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The Log and the Speck

You may be familiar with the phrase “pay attention to the log in your own eye before looking at the speck in your brothers” ( or sisters, or spouse’s, or worker’s etc. )

While that can certainly be interpreted in myriad ways, essentially what it means is look at yourself first before you start wagging a blaming finger at someone else.

Of course it is much easier to point and blame outside of ourselves. Some people have made that their life’s work to point fingers, blame others, shift responsibility, avoid accountability and go on their merry way.

While that may be our first inclination since we humans are hard wired to move away from pain (any kind of pain real or perceived) owning up and looking at ourselves first is what is needed if we are going to enjoy good healthy, safe and satisfying relationships both at home and at work.

Some of us play the blame game because we’ve had some consistent modeling in watching a close family member avoid responsibility or lash out when something goes wrong.

If we see that behavior repeated as we are growing up it is likely that we will follow suit as it maps our brain and appears “normal”. Since most of us don’t grow up in four, five or six households, whatever we see and experience growing up we come to believe is normal, even if it is detrimental to our relationships.

Additionally, some people are unable to hear that THEY may be at fault; may have made a poor choice, zigged when they ought to have zagged and have a hard time hearing truth even from people they know and trust.

If we were raised by a perfectionistic parent, we learn early on that to feel accepted and acceptable, we must do nearly everything exactly “right”. Often perfectionistic parents have a low tolerance for their child to do anything differently from how they would do it.

Making a mistake with a parent who behaves in a critical or judgmental way will train a child that if something goes wrong, blame the nearest person!

Sometimes this is all it takes to form a lifetime of looking outside of ourselves for someone to pin the blame on.

While that may serve one for awhile by keeping oneself out of trouble, when this develops into a lifelong pattern it really can wreak havoc in relationships.

The reality is we all blow it from time to time. We all zig when zagging was clearly the best choice. Rather than look outside of ourselves for someone to blame, avoiding the shame and conflict we have experienced, looking inward is the place we need to go.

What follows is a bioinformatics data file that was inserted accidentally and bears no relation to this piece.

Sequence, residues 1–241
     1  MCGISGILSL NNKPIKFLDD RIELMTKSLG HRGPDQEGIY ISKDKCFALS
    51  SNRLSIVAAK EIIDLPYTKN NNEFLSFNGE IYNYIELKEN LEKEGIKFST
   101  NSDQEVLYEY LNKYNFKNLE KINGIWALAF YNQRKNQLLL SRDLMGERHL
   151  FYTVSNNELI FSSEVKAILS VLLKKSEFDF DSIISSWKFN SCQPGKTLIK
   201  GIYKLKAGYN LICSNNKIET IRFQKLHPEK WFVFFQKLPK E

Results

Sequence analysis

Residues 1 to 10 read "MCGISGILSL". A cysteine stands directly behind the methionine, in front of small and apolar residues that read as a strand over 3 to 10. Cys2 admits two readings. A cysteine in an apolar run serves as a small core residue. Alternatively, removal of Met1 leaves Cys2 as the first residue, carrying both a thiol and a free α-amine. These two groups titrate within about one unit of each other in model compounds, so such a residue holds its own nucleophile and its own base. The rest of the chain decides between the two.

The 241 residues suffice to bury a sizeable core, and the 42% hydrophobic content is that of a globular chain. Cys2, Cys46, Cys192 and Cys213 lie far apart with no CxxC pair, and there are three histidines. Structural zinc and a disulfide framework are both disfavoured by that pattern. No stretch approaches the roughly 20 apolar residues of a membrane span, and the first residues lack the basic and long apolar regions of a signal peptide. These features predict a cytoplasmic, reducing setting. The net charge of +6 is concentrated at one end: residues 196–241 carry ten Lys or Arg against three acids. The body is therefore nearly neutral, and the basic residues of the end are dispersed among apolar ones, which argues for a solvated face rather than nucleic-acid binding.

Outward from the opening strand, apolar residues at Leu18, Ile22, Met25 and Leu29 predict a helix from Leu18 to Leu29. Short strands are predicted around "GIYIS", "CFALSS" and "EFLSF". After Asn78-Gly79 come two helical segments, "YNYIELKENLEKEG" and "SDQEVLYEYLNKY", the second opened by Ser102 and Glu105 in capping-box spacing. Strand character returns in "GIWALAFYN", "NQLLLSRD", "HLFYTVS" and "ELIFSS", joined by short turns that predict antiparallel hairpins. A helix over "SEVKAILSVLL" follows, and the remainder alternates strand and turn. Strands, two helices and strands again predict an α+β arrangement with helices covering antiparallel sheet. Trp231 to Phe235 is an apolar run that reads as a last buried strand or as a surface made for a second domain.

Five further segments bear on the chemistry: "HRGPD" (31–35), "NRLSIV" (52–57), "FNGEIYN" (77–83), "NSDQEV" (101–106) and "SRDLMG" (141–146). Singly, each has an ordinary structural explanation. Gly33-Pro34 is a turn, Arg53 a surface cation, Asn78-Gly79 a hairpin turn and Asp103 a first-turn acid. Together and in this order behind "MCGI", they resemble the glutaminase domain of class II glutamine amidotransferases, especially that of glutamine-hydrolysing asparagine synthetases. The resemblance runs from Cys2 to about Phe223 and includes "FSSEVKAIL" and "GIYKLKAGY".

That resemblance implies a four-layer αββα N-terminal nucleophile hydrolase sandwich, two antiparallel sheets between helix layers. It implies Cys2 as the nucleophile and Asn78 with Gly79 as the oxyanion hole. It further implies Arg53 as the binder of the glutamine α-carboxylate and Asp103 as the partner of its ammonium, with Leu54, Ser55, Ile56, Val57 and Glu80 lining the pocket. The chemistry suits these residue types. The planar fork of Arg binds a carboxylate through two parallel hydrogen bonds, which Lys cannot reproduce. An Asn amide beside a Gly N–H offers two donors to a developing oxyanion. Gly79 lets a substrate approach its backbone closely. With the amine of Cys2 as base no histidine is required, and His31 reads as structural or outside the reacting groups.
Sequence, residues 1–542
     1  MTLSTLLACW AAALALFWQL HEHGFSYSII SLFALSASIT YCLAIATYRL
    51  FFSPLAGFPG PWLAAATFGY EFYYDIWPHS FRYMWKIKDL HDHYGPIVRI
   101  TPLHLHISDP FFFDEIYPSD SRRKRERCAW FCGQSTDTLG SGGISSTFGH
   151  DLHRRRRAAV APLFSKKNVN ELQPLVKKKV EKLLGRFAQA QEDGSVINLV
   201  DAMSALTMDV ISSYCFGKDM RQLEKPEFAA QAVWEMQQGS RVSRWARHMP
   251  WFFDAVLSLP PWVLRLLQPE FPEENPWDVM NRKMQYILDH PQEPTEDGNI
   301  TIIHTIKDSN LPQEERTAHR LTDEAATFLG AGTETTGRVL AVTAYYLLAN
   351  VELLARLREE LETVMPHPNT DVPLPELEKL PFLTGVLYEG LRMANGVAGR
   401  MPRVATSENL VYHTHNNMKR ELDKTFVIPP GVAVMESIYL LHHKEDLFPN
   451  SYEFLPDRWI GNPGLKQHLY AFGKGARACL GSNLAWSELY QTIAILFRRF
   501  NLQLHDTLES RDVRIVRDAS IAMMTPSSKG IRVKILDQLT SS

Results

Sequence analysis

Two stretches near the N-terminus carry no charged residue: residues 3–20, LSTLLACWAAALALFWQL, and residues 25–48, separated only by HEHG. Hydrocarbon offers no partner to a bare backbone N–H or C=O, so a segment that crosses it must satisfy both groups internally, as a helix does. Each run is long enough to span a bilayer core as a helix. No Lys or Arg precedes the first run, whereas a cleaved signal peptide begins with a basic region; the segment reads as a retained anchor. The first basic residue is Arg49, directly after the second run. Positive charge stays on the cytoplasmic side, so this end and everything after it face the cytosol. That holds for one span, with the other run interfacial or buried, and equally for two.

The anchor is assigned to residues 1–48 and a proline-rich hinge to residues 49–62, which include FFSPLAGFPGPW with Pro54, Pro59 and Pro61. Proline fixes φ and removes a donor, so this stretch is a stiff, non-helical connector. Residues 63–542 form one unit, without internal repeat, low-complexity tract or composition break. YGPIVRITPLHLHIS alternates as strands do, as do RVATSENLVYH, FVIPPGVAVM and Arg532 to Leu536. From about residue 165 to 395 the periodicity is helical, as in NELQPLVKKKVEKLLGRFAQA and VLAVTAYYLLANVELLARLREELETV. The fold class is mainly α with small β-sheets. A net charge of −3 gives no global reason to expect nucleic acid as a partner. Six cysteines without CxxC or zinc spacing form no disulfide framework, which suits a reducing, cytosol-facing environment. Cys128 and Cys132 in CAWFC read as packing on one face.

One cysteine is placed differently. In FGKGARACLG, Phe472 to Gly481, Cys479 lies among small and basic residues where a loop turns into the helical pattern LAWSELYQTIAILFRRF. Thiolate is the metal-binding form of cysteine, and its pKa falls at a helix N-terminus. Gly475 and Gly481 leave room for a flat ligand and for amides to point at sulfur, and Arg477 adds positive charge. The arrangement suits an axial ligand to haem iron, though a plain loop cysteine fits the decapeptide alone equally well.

When we look inward, we can begin to be curious, ask ourselves questions and learn to understand ourselves better.

Only then can we both show up with compassion for ourselves and embrace that we also have a growth or learning opportunity as well that is completely unavailable to us when we are in survival mode trying to avoid what we don’t want.

This week begin to look at when, how often and under what circumstances you are looking at someone else as the problem, the issue, or the person you can pin blame onto.

Ask yourself what it is you are trying to avoid by continuously looking at external circumstances and people as the culprit in whatever is not going right or well.

At work begin to show up and take full responsibility for your work, performance, and all your interactions with others. Are you a leader in the workplace? Do you show up acting like a servant leader- taking full responsibility when you make a decision that does not pan out well?

Or, do you blame your team, your suppliers, your competition or something else?

Taking a deeper dive inward can be a difficult thing to do, and you may continue to avoid it at all costs. However, if you are ready to show up differently, with yourself and then others, it will be a necessary excursion. Be kind to yourself as you begin to assess how often you blame and point fingers, versus how often you show up and take full responsibility.

The latter creates a person that can be counted on. When we hold ourselves accountable, we behave in trustworthy ways. When we show up trustworthy in our relationships and in our business or workplace, it all goes better. Work on getting the “log out of your own eye” before attempting to examine the speck in someone else’s. You just may discover how much your life, health and relationships improve when you are no longer focused on what every one else is doing or not doing and taking responsibility for that which is yours to own.

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